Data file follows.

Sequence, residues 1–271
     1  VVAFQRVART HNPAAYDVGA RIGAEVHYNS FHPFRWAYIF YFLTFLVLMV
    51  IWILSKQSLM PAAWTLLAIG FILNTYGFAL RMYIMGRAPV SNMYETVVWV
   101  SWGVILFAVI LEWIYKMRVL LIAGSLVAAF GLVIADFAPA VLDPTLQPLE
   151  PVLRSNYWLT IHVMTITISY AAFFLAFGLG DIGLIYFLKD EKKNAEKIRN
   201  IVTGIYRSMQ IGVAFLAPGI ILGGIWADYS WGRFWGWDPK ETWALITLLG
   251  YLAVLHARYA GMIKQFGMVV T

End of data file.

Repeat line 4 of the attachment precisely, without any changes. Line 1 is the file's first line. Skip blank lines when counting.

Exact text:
   101  SWGVILFAVI LEWIYKMRVL LIAGSLVAAF GLVIADFAPA VLDPTLQPLE